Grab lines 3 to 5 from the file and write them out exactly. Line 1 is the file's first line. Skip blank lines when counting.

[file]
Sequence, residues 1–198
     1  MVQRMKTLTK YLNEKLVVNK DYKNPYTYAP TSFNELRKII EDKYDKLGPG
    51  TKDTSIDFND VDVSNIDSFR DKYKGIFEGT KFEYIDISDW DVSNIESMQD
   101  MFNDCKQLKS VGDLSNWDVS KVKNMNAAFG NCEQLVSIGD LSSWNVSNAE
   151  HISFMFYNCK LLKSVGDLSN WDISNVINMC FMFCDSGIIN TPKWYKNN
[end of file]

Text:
    51  TKDTSIDFND VDVSNIDSFR DKYKGIFEGT KFEYIDISDW DVSNIESMQD
   101  MFNDCKQLKS VGDLSNWDVS KVKNMNAAFG NCEQLVSIGD LSSWNVSNAE
   151  HISFMFYNCK LLKSVGDLSN WDISNVINMC FMFCDSGIIN TPKWYKNN